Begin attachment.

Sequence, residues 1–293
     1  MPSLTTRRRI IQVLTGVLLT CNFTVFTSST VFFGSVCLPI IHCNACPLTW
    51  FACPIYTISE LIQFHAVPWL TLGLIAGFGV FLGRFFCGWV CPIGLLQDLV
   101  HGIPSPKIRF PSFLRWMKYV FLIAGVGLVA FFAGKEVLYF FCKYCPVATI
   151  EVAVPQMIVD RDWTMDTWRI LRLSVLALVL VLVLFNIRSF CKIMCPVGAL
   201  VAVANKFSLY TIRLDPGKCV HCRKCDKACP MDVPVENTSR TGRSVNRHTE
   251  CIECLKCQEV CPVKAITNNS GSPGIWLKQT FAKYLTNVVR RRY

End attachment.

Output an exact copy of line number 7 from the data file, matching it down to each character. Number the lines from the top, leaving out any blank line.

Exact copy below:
   251  CIECLKCQEV CPVKAITNNS GSPGIWLKQT FAKYLTNVVR RRY